Records of the gameplay in the workshop.

Records of the gameplay in the workshop.

The decision made by each group within each group are shown as polygons, whose vertices are the chosen choices per each object (coloured groups). The height of the coloured bars indicates the potential social benefit of each choice per object. Hexagons are slightly offset inwards and coloured differently so as to distinguish different rounds of the games.

The decision made by each group within each group are shown as polygons, whose vertices are the chosen choices per each object (coloured groups). The height of the coloured bars indicates the potential social benefit of each choice per object. Hexagons are slightly offset inwards and coloured differently so as to distinguish different rounds of the games.

The embedding of the decision graph in the polar coordinate system. To create this embedding, we map the index of each decision to angular coordinates and we map the reversed social benefit of the decision to radial distance. This means that as closer the decisions get to the center of the graph, the higher their gain-cost ratio is for the society.

The embedding of the decision graph in the polar coordinate system. To create this embedding, we map the index of each decision to angular coordinates and we map the reversed social benefit of the decision to radial distance. This means that as closer the decisions get to the center of the graph, the higher their gain-cost ratio is for the society.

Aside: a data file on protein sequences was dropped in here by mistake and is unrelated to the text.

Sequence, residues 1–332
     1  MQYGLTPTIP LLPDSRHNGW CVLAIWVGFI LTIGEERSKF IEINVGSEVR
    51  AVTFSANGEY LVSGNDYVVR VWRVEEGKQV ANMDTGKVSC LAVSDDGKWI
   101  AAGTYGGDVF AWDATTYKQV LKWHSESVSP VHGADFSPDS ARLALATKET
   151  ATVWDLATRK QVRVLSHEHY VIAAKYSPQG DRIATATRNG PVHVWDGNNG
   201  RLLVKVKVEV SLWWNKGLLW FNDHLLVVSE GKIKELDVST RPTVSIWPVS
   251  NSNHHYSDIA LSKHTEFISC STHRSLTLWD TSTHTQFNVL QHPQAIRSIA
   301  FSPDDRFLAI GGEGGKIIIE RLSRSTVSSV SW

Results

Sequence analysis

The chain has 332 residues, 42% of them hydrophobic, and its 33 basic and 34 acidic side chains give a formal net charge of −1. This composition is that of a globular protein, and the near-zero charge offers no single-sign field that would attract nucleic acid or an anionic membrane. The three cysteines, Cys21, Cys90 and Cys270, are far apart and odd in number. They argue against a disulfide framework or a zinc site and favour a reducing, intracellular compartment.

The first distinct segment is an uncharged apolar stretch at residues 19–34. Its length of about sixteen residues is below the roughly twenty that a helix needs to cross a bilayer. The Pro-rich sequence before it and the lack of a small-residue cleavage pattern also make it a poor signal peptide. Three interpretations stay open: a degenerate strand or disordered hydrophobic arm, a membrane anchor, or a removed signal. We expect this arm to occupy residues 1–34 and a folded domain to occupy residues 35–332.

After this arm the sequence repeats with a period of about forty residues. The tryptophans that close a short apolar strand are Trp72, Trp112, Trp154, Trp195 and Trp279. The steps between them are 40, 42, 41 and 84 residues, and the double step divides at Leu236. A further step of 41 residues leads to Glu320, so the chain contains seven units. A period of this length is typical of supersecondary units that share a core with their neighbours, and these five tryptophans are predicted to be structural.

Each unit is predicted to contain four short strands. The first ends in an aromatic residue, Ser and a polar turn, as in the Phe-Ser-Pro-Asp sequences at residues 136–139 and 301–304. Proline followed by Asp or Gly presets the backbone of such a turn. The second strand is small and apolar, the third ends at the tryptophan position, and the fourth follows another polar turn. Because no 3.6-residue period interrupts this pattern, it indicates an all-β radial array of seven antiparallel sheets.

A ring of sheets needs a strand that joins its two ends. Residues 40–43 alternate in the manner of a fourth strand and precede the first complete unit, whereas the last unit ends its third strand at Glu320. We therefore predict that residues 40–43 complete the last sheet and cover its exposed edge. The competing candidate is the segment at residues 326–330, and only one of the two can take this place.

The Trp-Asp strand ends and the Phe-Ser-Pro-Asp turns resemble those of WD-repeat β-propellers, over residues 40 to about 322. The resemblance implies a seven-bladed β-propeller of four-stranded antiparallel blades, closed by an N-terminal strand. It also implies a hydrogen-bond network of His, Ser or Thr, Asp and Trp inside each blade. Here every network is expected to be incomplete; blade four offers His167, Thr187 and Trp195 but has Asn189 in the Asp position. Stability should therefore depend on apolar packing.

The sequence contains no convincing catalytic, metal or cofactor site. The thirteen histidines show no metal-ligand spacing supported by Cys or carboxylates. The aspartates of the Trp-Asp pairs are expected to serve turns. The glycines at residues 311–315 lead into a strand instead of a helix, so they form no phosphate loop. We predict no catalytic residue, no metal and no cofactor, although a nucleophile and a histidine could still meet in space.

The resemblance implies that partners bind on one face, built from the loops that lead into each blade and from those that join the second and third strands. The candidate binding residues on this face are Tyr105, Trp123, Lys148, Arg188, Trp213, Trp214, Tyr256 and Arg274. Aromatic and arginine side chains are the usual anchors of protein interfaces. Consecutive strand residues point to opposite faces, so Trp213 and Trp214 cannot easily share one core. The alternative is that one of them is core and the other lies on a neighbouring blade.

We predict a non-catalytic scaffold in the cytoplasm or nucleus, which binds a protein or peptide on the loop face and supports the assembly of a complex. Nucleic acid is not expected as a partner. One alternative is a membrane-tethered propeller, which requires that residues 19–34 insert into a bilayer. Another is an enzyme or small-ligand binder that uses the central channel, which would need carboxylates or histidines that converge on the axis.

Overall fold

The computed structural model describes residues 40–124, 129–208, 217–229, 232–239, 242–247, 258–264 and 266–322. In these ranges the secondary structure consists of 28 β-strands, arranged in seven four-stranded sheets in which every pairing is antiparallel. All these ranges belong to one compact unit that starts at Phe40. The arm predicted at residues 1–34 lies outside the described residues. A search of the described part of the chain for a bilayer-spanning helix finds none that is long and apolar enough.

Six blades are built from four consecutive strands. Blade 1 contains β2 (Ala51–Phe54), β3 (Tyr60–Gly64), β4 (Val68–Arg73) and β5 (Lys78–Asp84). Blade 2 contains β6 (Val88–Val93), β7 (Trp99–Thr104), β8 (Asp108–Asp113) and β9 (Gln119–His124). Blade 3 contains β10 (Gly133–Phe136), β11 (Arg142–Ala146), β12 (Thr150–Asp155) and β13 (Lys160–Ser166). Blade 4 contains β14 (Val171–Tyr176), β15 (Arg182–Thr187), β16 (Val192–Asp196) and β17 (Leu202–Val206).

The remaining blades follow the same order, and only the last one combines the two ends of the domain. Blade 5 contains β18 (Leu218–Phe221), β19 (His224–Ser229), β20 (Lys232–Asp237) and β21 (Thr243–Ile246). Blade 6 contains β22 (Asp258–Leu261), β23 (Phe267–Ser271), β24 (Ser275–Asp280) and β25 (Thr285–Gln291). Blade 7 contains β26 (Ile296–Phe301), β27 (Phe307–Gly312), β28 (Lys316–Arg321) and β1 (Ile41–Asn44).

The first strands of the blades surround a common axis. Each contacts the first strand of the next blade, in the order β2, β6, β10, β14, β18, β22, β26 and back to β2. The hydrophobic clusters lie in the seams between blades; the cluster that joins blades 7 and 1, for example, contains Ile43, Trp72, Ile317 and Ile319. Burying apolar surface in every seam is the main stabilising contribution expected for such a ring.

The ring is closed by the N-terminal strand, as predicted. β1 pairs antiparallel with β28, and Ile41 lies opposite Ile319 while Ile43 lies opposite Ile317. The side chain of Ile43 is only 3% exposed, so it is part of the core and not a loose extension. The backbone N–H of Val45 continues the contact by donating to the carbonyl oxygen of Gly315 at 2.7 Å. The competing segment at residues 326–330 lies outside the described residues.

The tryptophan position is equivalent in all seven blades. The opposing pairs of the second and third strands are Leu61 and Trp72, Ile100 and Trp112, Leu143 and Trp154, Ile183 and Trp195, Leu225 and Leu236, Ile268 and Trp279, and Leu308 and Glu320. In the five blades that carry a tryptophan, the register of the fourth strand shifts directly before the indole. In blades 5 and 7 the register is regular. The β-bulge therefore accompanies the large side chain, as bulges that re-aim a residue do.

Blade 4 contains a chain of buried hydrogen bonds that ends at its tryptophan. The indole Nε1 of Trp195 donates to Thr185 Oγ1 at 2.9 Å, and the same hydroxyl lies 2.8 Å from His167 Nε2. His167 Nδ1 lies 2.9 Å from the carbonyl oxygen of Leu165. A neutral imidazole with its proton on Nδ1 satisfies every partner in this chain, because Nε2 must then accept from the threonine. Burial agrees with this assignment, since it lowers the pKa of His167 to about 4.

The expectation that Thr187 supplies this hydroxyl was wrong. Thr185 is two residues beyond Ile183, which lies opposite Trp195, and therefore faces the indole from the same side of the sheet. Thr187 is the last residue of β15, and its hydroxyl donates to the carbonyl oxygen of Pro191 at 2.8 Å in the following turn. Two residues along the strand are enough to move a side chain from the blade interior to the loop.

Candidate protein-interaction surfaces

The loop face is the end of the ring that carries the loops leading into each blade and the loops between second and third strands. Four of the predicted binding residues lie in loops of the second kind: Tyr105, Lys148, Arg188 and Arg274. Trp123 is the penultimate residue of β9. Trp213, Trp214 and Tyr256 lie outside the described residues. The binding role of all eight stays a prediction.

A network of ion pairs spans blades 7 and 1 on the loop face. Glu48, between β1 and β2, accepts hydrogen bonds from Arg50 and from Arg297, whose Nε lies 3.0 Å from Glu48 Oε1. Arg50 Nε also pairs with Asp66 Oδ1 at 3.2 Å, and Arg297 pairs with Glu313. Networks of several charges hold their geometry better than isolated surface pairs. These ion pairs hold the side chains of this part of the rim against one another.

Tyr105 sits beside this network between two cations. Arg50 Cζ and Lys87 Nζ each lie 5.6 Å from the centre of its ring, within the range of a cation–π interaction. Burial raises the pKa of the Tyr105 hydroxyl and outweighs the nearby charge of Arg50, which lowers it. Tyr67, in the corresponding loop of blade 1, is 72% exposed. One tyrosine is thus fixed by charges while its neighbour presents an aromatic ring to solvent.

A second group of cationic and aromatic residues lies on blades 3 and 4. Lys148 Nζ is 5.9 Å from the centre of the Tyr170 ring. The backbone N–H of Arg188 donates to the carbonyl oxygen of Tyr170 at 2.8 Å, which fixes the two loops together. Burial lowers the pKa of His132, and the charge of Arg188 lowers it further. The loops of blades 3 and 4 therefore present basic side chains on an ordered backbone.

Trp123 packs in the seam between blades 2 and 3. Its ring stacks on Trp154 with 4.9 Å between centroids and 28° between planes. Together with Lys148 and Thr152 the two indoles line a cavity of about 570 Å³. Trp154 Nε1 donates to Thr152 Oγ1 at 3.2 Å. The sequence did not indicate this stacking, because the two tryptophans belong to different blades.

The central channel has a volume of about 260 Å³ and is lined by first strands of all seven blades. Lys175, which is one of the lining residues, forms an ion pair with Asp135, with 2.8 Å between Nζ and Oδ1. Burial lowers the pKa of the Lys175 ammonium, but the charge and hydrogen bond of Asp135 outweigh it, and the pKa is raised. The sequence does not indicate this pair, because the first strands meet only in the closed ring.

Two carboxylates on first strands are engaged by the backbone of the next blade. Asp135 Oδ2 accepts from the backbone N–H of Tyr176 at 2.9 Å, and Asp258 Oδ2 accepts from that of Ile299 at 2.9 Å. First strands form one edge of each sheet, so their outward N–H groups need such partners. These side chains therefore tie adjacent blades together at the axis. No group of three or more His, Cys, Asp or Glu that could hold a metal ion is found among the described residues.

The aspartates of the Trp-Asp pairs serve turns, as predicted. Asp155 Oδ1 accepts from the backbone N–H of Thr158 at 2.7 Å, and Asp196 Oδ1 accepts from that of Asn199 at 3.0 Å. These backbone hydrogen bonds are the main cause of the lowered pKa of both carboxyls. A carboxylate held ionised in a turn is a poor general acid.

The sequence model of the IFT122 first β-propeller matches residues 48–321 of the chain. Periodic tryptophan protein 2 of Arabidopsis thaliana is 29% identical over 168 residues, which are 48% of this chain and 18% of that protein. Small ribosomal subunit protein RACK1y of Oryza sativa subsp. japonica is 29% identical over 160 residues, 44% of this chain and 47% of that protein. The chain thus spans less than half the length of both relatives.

Green nodes are consensual decisions, and Red nodes are non-consensual decisions. Blue trajectory and the numbers indicates the progression of decision making through playing rounds for each group. Black circles highlight the bounds of gain-cost ratio for the consensual decisions.

Green nodes are consensual decisions, and Red nodes are non-consensual decisions. Blue trajectory and the numbers indicates the progression of decision making through playing rounds for each group. Black circles highlight the bounds of gain-cost ratio for the consensual decisions.

Blue line: gain-cost ratio plotted against the traversed distance, Orange Line: leap difference function against traversed path lengths per each round. After the “FIGHT” in the round 2 for group 4, the leap difference function becomes negative. It is also presented that the initial round of all groups has a negative value, which is due to the fact that they have started from a non-consensual node with 10, therefore their first step has been toward consensus, rather than maintaining the gain-cost ratio. Moreover, in the last round of all groups the leap function has a positive value.

Blue line: gain-cost ratio plotted against the traversed distance, Orange Line: leap difference function against traversed path lengths per each round. After the “FIGHT” in the round 2 for group 4, the leap difference function becomes negative. It is also presented that the initial round of all groups has a negative value, which is due to the fact that they have started from a non-consensual node with 10, therefore their first step has been toward consensus, rather than maintaining the gain-cost ratio. Moreover, in the last round of all groups the leap function has a positive value.

Acknowledgement

Authors Nan Bai and Ana Pereira Roders were supported by of the HERILAND project funding (Marie Sklodowska-Curie grant agreement No 813883). Authors Shervin Azadi and Pirouz Nourian were supported by the GoDesign project funding (Ontwerp en Overheid, grant agreement number AUT03G). The suggestions of anonymous reviewers are gratefully appreciated. The authors thank Maria Valese, Francesca Noardo, Azadeh Arjomand Kermani, Roberto Rocco, and Franklin van der Hoeven, for their suggestions and/or contributions for/in organizing the serious gaming workshop.